In T 484/99 the appellant (patentee) alleged that the refusal, under R. 71a EPC 1973, by the opposition division to consider or even look at amendments to the requests presented on the day of the oral proceedings before them amounted to a procedural violation. The board disagreed because it was clear from the wording of R. 71a(2) EPC 1973, that submissions by the proprietor presented after the final date did not need to be considered. In T 64/02 the board referred to the case law of the boards of appeal holding that the opposition division's discretion to disregard submissions filed too late also covered amended claims presented after the final date fixed under R. 71a EPC 1973. R. 71a(2) EPC 1973 thus also applied to the belated submission of amended patent claims in an auxiliary request, even if those claims had not been requested in the summons (see also T 1105/98 referred to further below).

In T 951/97 (OJ 1998, 440), the board held that the subject of the proceedings was changed within the meaning of R. 71a(1) and (2) EPC 1973, inter alia, where the examining division itself introduced a new document, which was pertinent new material, into the proceedings for the first time during oral proceedings convened following a R. 71a EPC 1973 notification.

In T 765/06 the examining division had pointed out in the summons that preparatory submissions and new claims should not be filed later than one month before the date of oral proceedings. Six days before the oral proceedings, the applicant filed new requests which the rapporteur, in a telephone conversation with the applicant, regarded as prima facie non-protectable and which were not admitted in the oral proceedings pursuant to R. 71a EPC 1973. The board found that conceding permission to file new claims did not comprise an assurance that such claims would be considered in the proceedings, with a considerable restriction of the time available for examination. To safeguard the legal form of the patent grant procedure and ensure that decisions were taken with due care, the examining division could not readily dispense, in advance and without knowledge of the matter to be considered, with the time required to prepare for oral proceedings.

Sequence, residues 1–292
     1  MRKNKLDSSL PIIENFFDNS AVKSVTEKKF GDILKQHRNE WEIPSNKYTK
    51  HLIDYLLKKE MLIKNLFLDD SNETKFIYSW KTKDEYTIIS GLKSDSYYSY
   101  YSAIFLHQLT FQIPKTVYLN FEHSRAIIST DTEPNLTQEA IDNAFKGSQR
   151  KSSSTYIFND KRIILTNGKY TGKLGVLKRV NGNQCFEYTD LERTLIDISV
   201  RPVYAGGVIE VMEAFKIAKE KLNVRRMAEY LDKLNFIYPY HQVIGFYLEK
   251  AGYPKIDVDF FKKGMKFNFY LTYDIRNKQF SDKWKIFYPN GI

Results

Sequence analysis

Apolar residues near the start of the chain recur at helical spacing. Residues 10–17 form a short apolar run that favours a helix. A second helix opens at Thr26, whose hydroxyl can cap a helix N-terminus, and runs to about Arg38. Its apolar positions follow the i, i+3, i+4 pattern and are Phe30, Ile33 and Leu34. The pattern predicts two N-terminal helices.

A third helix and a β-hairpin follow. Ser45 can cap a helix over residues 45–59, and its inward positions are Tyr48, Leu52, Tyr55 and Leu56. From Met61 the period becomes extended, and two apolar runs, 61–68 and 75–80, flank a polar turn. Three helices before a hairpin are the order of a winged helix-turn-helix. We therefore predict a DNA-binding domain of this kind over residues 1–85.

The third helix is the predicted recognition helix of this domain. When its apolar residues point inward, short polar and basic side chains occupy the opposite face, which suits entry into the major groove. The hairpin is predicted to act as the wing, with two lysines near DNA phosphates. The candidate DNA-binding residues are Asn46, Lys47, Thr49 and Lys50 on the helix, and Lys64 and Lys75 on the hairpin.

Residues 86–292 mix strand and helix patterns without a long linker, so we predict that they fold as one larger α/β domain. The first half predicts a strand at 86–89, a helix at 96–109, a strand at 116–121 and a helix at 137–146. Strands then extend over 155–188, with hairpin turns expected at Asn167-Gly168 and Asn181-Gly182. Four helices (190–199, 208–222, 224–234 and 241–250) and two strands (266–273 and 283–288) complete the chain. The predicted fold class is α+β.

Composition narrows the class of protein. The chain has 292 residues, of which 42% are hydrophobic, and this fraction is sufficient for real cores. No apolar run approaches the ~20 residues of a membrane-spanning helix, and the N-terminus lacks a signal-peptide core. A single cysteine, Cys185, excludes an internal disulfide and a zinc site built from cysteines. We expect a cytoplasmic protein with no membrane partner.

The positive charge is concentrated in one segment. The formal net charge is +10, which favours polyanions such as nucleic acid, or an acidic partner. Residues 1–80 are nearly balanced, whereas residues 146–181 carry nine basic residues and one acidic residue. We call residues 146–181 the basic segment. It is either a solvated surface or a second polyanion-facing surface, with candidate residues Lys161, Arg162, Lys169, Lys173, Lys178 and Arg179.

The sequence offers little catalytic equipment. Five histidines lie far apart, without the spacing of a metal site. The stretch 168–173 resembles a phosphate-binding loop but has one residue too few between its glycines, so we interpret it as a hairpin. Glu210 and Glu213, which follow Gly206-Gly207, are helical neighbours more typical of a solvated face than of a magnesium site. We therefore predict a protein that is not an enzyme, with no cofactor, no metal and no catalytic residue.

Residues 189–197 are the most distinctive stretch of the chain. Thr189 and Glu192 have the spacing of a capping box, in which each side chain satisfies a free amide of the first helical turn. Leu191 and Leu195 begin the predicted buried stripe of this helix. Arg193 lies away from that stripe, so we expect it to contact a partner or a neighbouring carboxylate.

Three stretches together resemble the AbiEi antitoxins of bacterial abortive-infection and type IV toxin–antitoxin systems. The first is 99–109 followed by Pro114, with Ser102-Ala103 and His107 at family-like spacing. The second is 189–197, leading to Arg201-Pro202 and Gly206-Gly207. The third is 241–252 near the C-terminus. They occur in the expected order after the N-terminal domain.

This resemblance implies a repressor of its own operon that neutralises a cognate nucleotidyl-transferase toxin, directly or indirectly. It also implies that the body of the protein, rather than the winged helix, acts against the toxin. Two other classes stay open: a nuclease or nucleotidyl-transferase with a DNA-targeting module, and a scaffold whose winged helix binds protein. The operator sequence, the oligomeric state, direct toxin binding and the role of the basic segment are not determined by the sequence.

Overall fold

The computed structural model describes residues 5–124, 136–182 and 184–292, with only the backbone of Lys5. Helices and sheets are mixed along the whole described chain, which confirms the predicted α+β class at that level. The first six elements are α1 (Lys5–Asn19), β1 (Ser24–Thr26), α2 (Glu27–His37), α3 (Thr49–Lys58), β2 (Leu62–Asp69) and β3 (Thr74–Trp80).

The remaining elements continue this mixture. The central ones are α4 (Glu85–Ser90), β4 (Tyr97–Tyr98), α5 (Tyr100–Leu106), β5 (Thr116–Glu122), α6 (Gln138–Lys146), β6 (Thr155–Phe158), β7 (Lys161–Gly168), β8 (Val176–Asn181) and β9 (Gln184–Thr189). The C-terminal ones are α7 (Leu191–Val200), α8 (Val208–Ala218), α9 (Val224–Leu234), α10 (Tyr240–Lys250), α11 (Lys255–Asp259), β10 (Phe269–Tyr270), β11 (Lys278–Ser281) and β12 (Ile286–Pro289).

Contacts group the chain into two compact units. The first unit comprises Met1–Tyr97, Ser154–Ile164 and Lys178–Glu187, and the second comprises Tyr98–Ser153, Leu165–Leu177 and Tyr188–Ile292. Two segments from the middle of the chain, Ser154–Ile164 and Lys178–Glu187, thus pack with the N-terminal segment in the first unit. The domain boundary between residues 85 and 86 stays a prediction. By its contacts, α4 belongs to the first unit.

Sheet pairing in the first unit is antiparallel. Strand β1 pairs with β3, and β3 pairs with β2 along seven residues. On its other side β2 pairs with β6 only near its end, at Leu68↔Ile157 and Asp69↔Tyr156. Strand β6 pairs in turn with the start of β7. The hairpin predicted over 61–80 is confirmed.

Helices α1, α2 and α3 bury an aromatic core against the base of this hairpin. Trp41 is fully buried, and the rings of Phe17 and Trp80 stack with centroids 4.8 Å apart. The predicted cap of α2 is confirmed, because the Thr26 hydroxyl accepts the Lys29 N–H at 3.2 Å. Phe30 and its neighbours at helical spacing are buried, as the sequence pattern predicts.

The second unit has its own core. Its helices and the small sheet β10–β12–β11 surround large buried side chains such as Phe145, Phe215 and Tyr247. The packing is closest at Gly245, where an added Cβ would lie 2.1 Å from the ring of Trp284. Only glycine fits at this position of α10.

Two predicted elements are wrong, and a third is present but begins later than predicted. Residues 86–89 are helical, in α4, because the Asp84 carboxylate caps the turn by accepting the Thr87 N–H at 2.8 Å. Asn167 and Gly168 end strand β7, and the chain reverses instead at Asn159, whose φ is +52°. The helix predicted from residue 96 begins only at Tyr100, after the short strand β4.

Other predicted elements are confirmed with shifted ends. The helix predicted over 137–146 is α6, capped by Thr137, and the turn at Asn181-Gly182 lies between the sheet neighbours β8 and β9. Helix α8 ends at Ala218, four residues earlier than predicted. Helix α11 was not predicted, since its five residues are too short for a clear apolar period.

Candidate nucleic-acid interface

In T 798/05 the board held that R. 71a EPC 1973 did not constitute an absolute bar on late submissions in opposition proceedings, which would rule out prima facie examination. R. 71a EPC 1973 did not override or restrict the principle of ex officio examination enshrined in Art. 114(1) EPC 1973, since an implementing regulation ranked lower than an EPC Article. The actual wording of R. 71a EPC 1973 using the expressions "brauchen, need not, peuvent" left room for discretion over the admission of late submissions.

In T 937/09 the board held that, if the applicant filed amendments to the application before the final date set by the examining division under R. 116(1) EPC, the examining division could still refuse such amendments under R. 137(3), second sentence, EPC (in the version applicable until 31.03.2010; see R. 137(3) EPC for the version applicable since 1.4.2010).